Ethics and IoT: World IoT Day, Rotterdam 2016

One of the Key problems the Internet of Things (IoT) has faced since its inception has been the public’s general fear of the invasiveness of IoT technologies and their potential for unethical exploitation as tools of surveillance and social control. The problem faced by those who wish for society to embrace IoT technologies, is how to create an ethical and socially conscious IoT that is inclusive and enabling for all users? For it is my contention that the challenge of overcoming personal security and privacy fears is fundamentally entwined in resolving the agency and inherent ethics of IoT technologies. Thus we have the problem: to create a system of power is to impose a social dynamic.

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One of the Key problems the Internet of Things has faced since its inception has been the public’s general fear of the invasiveness of IoT technologies and their potential for unethical exploitation as tools of surveillance and social control. The problem faced by those who wish for society to embrace IoT technologies, is how to create an ethical and socially conscious IoT that is inclusive and enabling for all users? For it is my contention that the challenge of overcoming personal security and privacy fears is fundamentally entwined in resolving the agency and inherent ethics of IoT technologies. Thus we have the problem: to create a system of power is to impose a social dynamic.

At the moment, we are failing miserably at achieving an ethical IoT and alleviating public concerns. The reason we are failing miserably is because the IoT is primarily driven by a desire for profit rather than a desire to build a better planet. Thus whenever I hear discussions of the IoT it is almost always under the rhetoric of what I’d consider a sales pitch. And it normally pays lip service to the notion of building a better planet via one or all of the following: optimisation, automation, efficiency, connectivity, speed or security. More and more of late I’ve got a real problem with this stuff, because I always end up thinking: Optimisation, Automation, Efficiency, Connectivity, speed and Security for who? Who does this ultimately benefit, human beings or businesses? Also, what is the social cost of focusing on all these dodgy incentives? Aren’t there more pressing things we should be talking about with regards IoT?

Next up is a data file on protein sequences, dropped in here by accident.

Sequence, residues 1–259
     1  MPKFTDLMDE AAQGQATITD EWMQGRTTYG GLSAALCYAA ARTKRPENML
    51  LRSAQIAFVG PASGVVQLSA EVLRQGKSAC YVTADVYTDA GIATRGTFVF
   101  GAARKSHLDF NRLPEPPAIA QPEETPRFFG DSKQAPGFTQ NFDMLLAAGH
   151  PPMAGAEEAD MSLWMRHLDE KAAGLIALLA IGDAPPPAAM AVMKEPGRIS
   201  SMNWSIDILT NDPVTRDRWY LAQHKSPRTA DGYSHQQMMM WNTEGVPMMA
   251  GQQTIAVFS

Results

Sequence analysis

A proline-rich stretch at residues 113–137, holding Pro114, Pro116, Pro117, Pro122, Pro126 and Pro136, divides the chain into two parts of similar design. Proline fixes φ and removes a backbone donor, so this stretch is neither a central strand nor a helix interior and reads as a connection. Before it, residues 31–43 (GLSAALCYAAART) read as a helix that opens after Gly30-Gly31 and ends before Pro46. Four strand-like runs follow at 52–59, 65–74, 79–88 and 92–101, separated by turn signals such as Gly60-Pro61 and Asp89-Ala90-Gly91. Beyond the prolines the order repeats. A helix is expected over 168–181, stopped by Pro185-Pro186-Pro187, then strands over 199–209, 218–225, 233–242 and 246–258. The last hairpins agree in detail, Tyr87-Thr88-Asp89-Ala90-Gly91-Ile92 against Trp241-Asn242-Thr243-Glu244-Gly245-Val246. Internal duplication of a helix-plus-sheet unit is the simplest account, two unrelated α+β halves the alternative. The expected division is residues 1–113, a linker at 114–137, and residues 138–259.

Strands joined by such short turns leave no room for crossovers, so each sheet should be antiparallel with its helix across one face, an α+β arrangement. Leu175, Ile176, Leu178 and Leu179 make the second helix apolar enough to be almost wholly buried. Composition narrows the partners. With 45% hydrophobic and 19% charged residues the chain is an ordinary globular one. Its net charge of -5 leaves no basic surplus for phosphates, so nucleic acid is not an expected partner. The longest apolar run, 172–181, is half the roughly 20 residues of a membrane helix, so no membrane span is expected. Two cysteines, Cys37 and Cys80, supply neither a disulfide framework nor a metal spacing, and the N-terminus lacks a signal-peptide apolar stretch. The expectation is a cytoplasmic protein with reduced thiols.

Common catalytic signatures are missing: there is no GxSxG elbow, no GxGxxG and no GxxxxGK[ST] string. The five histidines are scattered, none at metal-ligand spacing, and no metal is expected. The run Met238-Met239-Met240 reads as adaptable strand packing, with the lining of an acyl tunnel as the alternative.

Let’s start with the first point about being human. As a human being, do I really want to live in an optimised, automated efficient ever connected secure reality? What about my human desire for:

  • The thrill of inhabiting the unknown?
  • The pleasures of wilful indolence?
  • The excitement of taking risks?

For a human, following ones will to inhabit the unknown – at one’s own pace – and take calculated risks while doing so is fundamental for personal growth. Things feel uncertain and risky because you are on the edge of your physical or mental limits: for a human being, risk is what growth feels like.